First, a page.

Kidney Care Partners (KCP) – the nation’s leading kidney care multi-stakeholder coalition representing patient advocates, physician organizations, health professional groups, dialysis providers, researchers, and manufacturers – has recently sent letters to congressional leaders and the Centers for Disease Control and Prevention (CDC) requesting that COVID-19 vaccines be sent directly to dialysis facilities for distribution to vulnerable patients and vital health care workers.
To ensure that patients kidney failure – or end-stage renal disease (ESRD) — as well as the frontline staff who treat them, are able to receive COVID-19 vaccines, KCP is requesting that COVID-19 vaccines be distributed to dialysis facilities and allow for vaccine administration directly to their patients and frontline staff. The Department of Health and Human Services (HHS) has already authorized an alternate distribution process for patients in skilled nursing facilities, community health centers, and federally-qualified health centers (FQHCs) to facilitate vaccinating those patients. Patients with ESRD have one of the highest mortality rates due to COVID-19 at 20 percent.
“It is critical that dialysis patients and related clinical staff receive prompt, priority access to COVID-19 vaccines in the dialysis clinic,” said John Butler, Chairman of KCP. “Not only would this policy help vaccinate an extremely vulnerable patient population quickly and safely, but it would also be consistent with the President’s efforts to expand the number of health care providers who are both equipped and staffed to administer the vaccine.”
ESRD disproportionately impacts minority populations, who are also extremely vulnerable to COVID-19. Compared to Caucasians, ESRD prevalence is about 3.7 times greater in African Americans, 1.4 times greater in Native Americans, and 1.5 times greater in Asian Americans.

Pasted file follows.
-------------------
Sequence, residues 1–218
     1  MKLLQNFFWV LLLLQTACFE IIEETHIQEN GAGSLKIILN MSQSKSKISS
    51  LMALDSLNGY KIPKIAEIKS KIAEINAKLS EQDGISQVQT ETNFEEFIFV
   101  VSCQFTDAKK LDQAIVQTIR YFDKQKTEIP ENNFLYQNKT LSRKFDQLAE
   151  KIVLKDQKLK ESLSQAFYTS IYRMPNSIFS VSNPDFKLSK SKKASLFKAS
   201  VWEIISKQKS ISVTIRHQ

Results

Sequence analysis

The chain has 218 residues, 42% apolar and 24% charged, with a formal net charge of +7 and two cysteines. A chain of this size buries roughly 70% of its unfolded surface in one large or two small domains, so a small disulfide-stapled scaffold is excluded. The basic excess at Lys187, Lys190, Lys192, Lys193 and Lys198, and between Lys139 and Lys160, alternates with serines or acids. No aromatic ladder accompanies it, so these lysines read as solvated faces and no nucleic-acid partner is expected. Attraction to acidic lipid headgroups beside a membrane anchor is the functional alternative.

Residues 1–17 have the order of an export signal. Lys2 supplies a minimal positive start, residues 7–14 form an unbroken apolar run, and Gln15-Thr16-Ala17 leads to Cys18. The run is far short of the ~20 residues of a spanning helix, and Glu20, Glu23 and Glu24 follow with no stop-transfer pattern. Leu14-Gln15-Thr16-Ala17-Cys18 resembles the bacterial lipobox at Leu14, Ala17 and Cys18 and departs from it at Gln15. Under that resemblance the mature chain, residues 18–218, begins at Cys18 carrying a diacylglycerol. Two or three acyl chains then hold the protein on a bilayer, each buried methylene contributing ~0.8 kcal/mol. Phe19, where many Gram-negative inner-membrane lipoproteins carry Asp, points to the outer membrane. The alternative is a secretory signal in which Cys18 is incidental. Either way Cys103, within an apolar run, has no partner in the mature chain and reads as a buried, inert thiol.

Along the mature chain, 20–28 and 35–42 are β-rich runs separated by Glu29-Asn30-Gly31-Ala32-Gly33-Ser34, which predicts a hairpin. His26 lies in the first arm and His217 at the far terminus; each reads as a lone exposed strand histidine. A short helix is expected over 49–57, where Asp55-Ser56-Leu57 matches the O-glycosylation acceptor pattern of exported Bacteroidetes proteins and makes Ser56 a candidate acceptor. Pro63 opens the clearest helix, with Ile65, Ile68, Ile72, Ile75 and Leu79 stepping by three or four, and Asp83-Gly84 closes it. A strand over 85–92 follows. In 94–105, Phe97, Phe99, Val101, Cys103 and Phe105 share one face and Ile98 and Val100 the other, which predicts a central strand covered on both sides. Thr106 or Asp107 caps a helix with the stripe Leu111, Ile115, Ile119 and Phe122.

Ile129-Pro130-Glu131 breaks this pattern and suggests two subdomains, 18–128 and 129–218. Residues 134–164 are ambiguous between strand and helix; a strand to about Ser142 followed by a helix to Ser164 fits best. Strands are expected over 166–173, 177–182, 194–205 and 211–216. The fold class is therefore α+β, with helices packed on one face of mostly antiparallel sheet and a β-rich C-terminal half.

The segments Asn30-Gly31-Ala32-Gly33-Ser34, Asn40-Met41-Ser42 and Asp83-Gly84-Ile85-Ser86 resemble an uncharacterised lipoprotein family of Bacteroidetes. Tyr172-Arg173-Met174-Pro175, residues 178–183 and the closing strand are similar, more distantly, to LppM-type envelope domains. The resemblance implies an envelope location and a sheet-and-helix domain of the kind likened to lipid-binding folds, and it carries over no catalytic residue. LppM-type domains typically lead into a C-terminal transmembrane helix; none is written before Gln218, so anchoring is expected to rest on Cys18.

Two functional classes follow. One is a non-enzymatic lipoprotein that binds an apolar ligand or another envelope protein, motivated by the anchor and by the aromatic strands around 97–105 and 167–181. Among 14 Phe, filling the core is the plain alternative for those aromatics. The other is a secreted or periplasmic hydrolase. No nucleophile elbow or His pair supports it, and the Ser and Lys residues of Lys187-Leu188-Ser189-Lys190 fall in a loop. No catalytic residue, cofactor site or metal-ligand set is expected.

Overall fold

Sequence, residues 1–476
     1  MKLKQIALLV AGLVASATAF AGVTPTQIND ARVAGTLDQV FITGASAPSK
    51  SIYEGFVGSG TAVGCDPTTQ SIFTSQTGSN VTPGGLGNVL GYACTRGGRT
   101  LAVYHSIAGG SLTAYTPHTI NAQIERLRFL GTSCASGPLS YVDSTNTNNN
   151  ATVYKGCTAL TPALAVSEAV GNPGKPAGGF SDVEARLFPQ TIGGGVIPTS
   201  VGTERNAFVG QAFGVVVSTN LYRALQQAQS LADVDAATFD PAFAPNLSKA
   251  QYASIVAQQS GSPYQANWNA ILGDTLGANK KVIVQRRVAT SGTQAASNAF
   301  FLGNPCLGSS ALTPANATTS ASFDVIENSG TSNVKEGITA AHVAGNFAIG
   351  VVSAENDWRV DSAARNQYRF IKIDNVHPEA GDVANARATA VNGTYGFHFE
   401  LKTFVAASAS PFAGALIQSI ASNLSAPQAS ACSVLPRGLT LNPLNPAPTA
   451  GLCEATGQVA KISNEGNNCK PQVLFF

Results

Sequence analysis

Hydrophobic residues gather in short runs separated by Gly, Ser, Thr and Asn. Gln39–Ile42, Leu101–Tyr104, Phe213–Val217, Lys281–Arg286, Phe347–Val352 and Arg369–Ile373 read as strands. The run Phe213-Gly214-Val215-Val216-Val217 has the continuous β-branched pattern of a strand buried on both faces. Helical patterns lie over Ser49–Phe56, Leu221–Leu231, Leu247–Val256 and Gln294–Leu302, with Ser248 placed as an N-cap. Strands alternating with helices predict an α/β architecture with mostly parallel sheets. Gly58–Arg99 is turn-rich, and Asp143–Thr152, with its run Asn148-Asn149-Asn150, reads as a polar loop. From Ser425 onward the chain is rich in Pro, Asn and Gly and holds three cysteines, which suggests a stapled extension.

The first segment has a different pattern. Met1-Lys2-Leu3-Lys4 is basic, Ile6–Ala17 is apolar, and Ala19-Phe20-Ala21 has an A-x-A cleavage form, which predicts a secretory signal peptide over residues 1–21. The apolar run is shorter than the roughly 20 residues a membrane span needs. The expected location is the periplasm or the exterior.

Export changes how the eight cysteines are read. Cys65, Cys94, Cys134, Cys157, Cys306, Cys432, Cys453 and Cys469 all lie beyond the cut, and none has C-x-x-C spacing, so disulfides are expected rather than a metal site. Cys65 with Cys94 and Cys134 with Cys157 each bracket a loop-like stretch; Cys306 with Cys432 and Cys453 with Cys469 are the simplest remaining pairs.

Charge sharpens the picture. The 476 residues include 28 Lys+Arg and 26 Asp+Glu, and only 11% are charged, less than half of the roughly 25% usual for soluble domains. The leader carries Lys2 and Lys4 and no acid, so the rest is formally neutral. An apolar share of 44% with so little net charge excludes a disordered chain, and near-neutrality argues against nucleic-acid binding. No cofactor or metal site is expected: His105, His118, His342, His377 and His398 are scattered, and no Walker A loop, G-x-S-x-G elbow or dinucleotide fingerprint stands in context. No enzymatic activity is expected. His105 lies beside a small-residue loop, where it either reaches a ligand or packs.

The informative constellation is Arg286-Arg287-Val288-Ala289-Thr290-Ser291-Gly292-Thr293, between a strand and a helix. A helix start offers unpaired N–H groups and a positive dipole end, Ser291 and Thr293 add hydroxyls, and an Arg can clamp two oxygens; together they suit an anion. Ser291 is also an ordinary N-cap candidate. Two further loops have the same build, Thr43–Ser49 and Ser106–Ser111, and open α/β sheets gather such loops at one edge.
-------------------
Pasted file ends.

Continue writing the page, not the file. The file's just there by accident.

The risk of ESRD patients stems from not only their kidney disease but also because many of these patients are living with four or more comorbidities, including obesity, heart disease, and diabetes. The CDC Advisory Committee on Immunization Practices (ACIP) has prioritized patients with chronic kidney disease (CKD) and frontline healthcare workers for Phase 1 of COVID-19 vaccine distribution. However, many are currently experiencing delays and barriers to access the vaccine.
“The COVID-19 public health emergency is having a disproportionate impact on people with CKD and ESKD, and the entire kidney community is working hard to curb the spread and impact of COVID-19. We recognize that there is more we can do by allowing dialysis providers to distribute COVID-19 vaccines, but first, we need policymakers’ help to secure a vaccine allocation,” Butler concluded.